Moreover, this sort or reflects a larger growing division as to the role of the judiciary in our system. Most all conservatives (and a clear majority of Americans) believe that the Judicial branch should be interpreting the law, using the constitution, and factoring in legal precedent to decide whether a law is constitutional or not. Meanwhile there is a loud and rabid minority who see the courts as the place where they can reign in the policies and laws of their political opponents, because they don't have the political control to do so through policy. This minority wants the referees to be another "player" in the whole legislative game. Players they hope to be on their side, of course.

Nearly all of these cases seem to be from the same side. Liberals suing conservative bakers to control their behavior, liberals suing conservative politicians to prevent them from implementing policies, and liberals suing conservative states to overturn laws. Liberals have no policy control, so they resort to the courts. Thankfully the constitutional majority in the USSC are standing their ground. I hate to tell them this, but liberals "may" need to win some elections to garner their policy initiatives.

Tuesday, June 12, 2018

USSC gets it right on Ohio voter purge case

Supreme Court Upholds Ohio’s Purge of Voting Rolls
The court ruled that states may kick people off the rolls if they skip a few elections and fail to respond to a notice from election officials. The vote was 5 to 4, with the more conservative justices in the majority.
On one level, the decision sought to make sense of tangled statutory language. But it was also a vivid reminder that measures placing obstacles between people seeking to vote and their ability to cast ballots — including cutbacks on early voting, elimination of same-day registration and tough voter ID laws — present dueling visions of democracy.
Gotta love the fact that your publications like the NY Times seem to see everything "legal" through the eyes of "politics". The reality here is that the USSC was not ruling on which version of democracy we should live in, but rather (gasp) they were ruling on whether the law itself was constitutional.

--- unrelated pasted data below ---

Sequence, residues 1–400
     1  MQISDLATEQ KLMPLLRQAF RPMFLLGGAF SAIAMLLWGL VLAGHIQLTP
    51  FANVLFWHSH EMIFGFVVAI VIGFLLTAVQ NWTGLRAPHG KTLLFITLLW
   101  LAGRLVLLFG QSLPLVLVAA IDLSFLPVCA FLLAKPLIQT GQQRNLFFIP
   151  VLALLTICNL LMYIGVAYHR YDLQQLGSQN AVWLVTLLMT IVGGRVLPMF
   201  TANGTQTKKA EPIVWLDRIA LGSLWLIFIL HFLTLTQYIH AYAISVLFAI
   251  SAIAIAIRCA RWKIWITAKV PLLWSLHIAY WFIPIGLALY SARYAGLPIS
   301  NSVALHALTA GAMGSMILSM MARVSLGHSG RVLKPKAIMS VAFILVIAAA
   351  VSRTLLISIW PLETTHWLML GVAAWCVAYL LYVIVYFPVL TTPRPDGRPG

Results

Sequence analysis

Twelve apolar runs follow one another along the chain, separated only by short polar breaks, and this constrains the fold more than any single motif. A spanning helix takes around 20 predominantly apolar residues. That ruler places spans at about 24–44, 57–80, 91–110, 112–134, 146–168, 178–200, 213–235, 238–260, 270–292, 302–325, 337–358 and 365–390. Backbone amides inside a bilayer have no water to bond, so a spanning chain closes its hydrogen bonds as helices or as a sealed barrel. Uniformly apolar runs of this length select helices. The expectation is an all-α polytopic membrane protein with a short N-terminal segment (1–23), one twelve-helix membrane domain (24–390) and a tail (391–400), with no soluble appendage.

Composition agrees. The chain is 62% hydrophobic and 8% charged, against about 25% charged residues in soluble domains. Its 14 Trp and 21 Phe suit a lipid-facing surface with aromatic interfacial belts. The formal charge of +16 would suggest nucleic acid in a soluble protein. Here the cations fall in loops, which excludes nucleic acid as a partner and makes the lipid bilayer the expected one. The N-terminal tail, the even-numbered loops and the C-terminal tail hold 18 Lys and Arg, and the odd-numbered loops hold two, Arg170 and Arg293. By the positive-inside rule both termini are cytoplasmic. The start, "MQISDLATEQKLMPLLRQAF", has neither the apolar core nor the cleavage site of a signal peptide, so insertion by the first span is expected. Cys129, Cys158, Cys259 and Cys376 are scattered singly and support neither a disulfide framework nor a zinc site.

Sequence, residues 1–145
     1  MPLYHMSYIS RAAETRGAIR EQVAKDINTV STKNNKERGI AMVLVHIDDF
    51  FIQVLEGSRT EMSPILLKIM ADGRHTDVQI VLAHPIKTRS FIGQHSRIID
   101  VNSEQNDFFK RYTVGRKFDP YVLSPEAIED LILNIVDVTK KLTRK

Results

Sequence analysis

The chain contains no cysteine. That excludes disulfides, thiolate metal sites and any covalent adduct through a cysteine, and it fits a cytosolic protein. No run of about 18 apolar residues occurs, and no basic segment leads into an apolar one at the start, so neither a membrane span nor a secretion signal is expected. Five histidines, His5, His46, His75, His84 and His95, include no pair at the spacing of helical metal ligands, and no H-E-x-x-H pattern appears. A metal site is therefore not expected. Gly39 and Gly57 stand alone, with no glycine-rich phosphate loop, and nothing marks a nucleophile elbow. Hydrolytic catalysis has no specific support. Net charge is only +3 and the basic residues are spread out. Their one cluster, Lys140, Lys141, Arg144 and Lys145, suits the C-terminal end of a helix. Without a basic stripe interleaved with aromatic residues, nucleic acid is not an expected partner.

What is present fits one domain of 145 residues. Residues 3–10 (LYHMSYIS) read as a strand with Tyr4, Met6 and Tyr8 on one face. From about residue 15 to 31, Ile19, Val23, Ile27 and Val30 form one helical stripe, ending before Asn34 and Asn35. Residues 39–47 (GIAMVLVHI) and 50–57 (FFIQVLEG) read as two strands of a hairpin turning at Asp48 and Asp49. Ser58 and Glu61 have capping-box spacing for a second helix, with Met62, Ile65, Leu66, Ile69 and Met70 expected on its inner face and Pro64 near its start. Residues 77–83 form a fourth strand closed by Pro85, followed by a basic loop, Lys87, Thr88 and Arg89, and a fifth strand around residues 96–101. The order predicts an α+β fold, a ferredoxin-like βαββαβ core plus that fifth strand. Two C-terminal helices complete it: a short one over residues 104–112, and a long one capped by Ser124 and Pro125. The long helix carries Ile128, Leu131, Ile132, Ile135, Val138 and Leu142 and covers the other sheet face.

This didn't stop Sotomayer from writing a "scathing" dissent which (of course) was all about race.
"Our democracy rests on the ability of all individuals, regardless of race, income or status, to exercise their right to vote."
"African-American-majority neighborhoods in downtown Cincinnati had 10% of their voters removed due to inactivity since 2012" as compared to "only 4% of voters in a suburban, majority-white neighborhood."
Of course, it would make sense that more people move in downtown areas which are dominated by rental apartments, versus suburban areas where home ownership is the norm. I am guessing that more white people were removed from downtown Cincinnati than they were in the suburbs, while less black people were removed from the suburbs than were removed in the downtown areas.

Justice Alito correctly calls out Sotomayer:
"Justice Sotomayor's dissent says nothing about what is relevant in this case"
And the dissents in general:
The dissents have a policy disagreement, not just with Ohio, but with Congress. But this case presents a question of statutory interpretation, not a question of policy. We have no authority to second-guess Congress or to decide whether Ohio’s Supplemental Process is the ideal method for keeping its voting rolls up to date. The only question before us is whether it violates federal law. It does not.
Yeah, Sotomayor's dissent had nothing to do with the law, the constitution, or any actual legal precedent. It's strictly her own personal opinion about what she sees as "right". With all due respect, we elect legislators to write and implement the laws that deal with what is wrong and what is right. Our Justice branch of the government is to interpret and rule on the law and the constitution. If Sotomayor wants to push what she feels is "right" then she can resign from the bench and run for the Senate or the House.

Trump and Kim save the world!!!


  1. The United States and the DPRK commit to establish new US-DPRK relations in accordance with the desire of the peoples of the two countries for peace and prosperity.
  2. The United States and DPRK will join their efforts to build a lasting and stable peace regime on the Korean Peninsula.
  3. Reaffirming the April 27, 2018 Panmunjom Declaration, the DPRK commits to work toward complete denuclearization of the Korean Peninsula
  4. The United States and the DPRK commit to recovering POW/MIA remains, including the immediate repatriation of those already identified.
So, not exactly a tangible hard core agreement that anyone can sink their fangs into, but who can say it's not progress? We have at the very least established some communications, and have gotten some U.S. Citizens out of North Korean prison (and will likely get more). Both leaders are implying that there could be a more tangible agreement to come. We'll see. But no, it's not going to save the world. But perhaps things are a bit less chaotic because of this meeting.